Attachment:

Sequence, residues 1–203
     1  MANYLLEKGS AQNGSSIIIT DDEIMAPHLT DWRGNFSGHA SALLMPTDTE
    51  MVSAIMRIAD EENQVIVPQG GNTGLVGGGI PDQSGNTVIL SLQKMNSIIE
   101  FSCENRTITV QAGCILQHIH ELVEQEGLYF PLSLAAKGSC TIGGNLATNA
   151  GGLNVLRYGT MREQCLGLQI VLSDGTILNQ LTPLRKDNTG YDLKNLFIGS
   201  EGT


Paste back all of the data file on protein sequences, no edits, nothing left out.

Sequence, residues 1–203
     1  MANYLLEKGS AQNGSSIIIT DDEIMAPHLT DWRGNFSGHA SALLMPTDTE
    51  MVSAIMRIAD EENQVIVPQG GNTGLVGGGI PDQSGNTVIL SLQKMNSIIE
   101  FSCENRTITV QAGCILQHIH ELVEQEGLYF PLSLAAKGSC TIGGNLATNA
   151  GGLNVLRYGT MREQCLGLQI VLSDGTILNQ LTPLRKDNTG YDLKNLFIGS
   201  EGT